Senate Democrats and supporters made a symbolic push Thursday to get a state voting rights act to the Washington Senate floor.
The legislation appears doomed for 2015.
Technically, though, two similar bills are in play, one sponsored by Sen. Cyrus Habib, D-Kirkland and the other by Rep. Luis Moscoso, D-Mountlake Terrace. The bills address situations in which minority communities might be underrepresented in their local governments.
The best example consists of a city or county with a huge minority population conducting at-large elections for a city council that consistently results in overwhelming white representation on that body. The classic remedy would be to switch from at-large to district elections, with the districts reflecting the racial makeup of an area. The bills outline how such situations would be defined and tackled.
Moscoso's bill passed the House, with voting mostly along party lines. The Senate Government Operations & Security Committee recommended approval of both bills. The committee's chair Sen. Pam Roach, R-Auburn, and assistant chair Sen. Don Benton, R-Vancouver, both recommended approval of Moscoso's bill. That would give it a 25-vote majority in the Senate if the entire minority Democratic caucus supports it as well.
However, the Senate Rules Committee -- controlled by Republicans -- won't allow either bill to go to a full floor vote. And Senate Majority Leader Mark Schoesler, R- Ritzville, contended Thursday that Roach and Benton's support of Moscoso's bill in committee does not mean that they would vote for it in a full floor vote.
The only way for the Democrats to get either bill to a full floor vote seems to be on a procedural vote by the full Senate. But a powerful, unwritten rule is that each legislator votes with his or her caucus on all procedural matters despite his or her personal stance on the bill in question. Caucus leaders on both sides use this tradition to keep bills they don't like -- but appear likely to pass -- from going to a full floor vote. That is how the GOP senators earlier killed such an attempt to bring Habib's bill to a full floor vote.
On Thursday, Democrats held a rally outside the Capitol Dome, and the Senate's Law & Justice and Government Operations & Security committees held a joint work session to discuss the pros and cons of the voting rights bills with attorneys for and against the concept.
At the work session and at a press session, Seattle attorney John Safarli, who represented Yakima in a federal Voting Rights Act case, and Schoesler both described the state bills as encouraging expensive litigation. "I think there are people who don't have the purest of motives in litigating," Schoesler said.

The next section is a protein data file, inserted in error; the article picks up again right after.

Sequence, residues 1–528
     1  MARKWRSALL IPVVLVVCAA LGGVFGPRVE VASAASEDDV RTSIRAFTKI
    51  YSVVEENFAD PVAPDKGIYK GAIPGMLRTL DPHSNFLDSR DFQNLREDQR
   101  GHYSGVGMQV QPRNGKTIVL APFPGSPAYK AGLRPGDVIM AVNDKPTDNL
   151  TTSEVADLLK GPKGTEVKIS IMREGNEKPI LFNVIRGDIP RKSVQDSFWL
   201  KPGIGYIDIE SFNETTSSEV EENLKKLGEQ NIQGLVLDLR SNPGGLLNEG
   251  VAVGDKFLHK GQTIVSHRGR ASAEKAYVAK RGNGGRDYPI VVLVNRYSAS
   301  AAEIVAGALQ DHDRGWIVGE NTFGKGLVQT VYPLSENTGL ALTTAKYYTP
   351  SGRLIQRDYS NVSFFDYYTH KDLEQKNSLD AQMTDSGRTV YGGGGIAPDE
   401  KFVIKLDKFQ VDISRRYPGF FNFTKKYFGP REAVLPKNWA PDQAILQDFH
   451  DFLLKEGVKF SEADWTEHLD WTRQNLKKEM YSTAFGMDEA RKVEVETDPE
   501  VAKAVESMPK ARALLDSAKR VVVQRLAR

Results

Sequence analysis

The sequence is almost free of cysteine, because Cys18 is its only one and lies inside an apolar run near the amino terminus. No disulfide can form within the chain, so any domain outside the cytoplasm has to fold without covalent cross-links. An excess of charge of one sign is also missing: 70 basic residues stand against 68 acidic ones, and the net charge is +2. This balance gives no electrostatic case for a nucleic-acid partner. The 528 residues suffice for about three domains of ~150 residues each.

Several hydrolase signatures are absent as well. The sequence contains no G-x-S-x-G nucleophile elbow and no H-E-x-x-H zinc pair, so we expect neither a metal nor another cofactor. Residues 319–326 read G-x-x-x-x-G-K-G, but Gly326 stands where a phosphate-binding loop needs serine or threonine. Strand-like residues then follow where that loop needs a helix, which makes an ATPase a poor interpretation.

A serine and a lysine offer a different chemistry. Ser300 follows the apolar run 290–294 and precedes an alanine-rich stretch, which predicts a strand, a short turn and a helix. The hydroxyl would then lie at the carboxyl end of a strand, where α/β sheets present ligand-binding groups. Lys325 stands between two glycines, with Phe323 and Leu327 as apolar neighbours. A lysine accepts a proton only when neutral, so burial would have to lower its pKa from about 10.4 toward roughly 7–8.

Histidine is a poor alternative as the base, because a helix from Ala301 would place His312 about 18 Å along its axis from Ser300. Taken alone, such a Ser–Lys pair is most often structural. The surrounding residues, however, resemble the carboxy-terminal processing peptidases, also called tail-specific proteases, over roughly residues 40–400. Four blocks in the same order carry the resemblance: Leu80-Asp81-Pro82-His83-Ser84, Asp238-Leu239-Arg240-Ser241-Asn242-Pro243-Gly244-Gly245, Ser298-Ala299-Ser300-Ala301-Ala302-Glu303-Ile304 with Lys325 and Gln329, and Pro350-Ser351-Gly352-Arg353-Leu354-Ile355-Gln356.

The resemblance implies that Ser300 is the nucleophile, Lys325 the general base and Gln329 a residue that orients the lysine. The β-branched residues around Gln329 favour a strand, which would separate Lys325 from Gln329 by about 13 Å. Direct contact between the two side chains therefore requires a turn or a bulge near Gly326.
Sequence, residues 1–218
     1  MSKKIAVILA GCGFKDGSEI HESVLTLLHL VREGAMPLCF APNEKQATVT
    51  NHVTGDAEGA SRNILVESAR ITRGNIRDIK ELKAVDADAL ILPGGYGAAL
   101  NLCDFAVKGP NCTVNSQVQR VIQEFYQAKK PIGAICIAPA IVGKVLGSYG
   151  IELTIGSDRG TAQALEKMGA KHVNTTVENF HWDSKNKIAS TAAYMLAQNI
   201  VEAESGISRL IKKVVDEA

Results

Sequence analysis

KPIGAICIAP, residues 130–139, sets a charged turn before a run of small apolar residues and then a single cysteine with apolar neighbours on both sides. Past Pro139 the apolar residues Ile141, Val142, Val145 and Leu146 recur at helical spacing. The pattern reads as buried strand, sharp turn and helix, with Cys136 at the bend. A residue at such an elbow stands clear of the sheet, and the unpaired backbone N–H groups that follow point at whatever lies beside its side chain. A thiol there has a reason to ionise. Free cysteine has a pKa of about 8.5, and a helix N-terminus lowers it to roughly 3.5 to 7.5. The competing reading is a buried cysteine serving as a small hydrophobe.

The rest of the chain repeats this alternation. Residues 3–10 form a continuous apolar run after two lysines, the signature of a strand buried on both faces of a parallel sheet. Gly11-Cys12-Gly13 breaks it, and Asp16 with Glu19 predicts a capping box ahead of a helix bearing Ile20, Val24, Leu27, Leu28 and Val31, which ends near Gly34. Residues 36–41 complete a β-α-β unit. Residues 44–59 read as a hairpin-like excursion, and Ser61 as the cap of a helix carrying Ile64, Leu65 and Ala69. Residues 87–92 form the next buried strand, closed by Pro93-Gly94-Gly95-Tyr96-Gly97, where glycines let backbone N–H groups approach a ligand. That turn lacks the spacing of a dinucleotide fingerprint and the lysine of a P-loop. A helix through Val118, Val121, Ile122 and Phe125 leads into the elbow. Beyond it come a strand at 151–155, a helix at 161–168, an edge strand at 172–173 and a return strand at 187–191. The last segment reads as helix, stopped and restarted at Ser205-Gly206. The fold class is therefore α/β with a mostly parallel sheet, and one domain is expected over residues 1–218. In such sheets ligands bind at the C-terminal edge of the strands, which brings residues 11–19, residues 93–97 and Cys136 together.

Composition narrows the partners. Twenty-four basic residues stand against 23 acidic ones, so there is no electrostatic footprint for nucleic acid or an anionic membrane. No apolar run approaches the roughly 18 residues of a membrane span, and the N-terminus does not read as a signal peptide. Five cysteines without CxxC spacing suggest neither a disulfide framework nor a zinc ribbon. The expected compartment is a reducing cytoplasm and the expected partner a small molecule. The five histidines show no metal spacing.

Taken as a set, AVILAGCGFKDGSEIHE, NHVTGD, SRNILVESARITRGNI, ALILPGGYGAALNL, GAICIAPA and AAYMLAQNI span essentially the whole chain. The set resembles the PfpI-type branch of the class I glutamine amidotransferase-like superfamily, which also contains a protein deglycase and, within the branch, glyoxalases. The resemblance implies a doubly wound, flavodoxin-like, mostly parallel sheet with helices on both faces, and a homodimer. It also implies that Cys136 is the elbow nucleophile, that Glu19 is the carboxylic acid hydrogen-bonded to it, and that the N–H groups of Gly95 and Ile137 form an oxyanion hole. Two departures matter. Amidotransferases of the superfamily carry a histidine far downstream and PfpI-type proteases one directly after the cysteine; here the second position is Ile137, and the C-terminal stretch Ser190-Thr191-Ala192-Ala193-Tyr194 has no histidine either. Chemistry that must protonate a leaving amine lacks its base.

Meanwhile, Habib and Sen. Pramila Jayapal, D-Seattle, contended that the bills stalled in the Senate Rules Committee would decrease the likelihood of litigation occurring, because those bills offer ways to set up ethnic-majority districts without going to court before a lawsuit shows up.
"This, in many ways, is a litigation prevention tool," Jayapal said.
Under the current federal Voting Rights Act, the only way to tackle ethnic underrepresentation in local government is by a lawsuit.
However, an initiative by a jurisdiction's residents can convert an at-large election system to district elections. This happened in Seattle. But, Habib and Jayapal argued, that route does not guarantee that the carved-out districts don't all end up gerrymandered to have white majorities. Such an arrangement still handicaps people of color from being appropriately represented at their local government and school board levels, they said.
Cities potentially affected by a state voting rights act might include Pasco and Sunnyside, which, despite being heavily Hispanic, have overwhelmingly white city councils. Some towns in Snohomish County could also be affected, Jayapal and Habib speculated.
Washington's most famous example is the heavily Hispanic city of Yakima, which lost a federal lawsuit filed by the American Civil Liberties Union on this issue. A federal judge has ordered the city to set up district elections this year to include two majority-Hispanic districts. The judge said there was a clear pattern of white voters suppressing Latino interests in previous elections, the Yakima Herald-Republic reported. The city is appealing that ruling.